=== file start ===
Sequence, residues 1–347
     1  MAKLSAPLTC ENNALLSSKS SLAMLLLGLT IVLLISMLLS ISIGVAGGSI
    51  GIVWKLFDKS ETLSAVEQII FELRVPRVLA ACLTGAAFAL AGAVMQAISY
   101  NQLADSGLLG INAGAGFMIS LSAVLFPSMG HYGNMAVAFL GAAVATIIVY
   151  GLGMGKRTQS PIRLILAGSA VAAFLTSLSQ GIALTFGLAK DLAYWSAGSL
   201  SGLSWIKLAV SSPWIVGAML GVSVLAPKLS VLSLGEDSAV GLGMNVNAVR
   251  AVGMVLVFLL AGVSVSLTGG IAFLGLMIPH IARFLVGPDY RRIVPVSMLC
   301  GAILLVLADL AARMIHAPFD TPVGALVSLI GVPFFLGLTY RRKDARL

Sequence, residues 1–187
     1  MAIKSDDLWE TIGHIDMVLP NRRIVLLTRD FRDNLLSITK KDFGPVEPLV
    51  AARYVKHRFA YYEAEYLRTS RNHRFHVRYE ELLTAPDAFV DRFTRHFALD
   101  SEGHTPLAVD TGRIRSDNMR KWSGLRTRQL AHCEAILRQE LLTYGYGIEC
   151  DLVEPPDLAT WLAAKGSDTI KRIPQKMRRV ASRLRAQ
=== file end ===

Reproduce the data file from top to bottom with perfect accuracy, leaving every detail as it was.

Sequence, residues 1–347
     1  MAKLSAPLTC ENNALLSSKS SLAMLLLGLT IVLLISMLLS ISIGVAGGSI
    51  GIVWKLFDKS ETLSAVEQII FELRVPRVLA ACLTGAAFAL AGAVMQAISY
   101  NQLADSGLLG INAGAGFMIS LSAVLFPSMG HYGNMAVAFL GAAVATIIVY
   151  GLGMGKRTQS PIRLILAGSA VAAFLTSLSQ GIALTFGLAK DLAYWSAGSL
   201  SGLSWIKLAV SSPWIVGAML GVSVLAPKLS VLSLGEDSAV GLGMNVNAVR
   251  AVGMVLVFLL AGVSVSLTGG IAFLGLMIPH IARFLVGPDY RRIVPVSMLC
   301  GAILLVLADL AARMIHAPFD TPVGALVSLI GVPFFLGLTY RRKDARL

Sequence, residues 1–187
     1  MAIKSDDLWE TIGHIDMVLP NRRIVLLTRD FRDNLLSITK KDFGPVEPLV
    51  AARYVKHRFA YYEAEYLRTS RNHRFHVRYE ELLTAPDAFV DRFTRHFALD
   101  SEGHTPLAVD TGRIRSDNMR KWSGLRTRQL AHCEAILRQE LLTYGYGIEC
   151  DLVEPPDLAT WLAAKGSDTI KRIPQKMRRV ASRLRAQ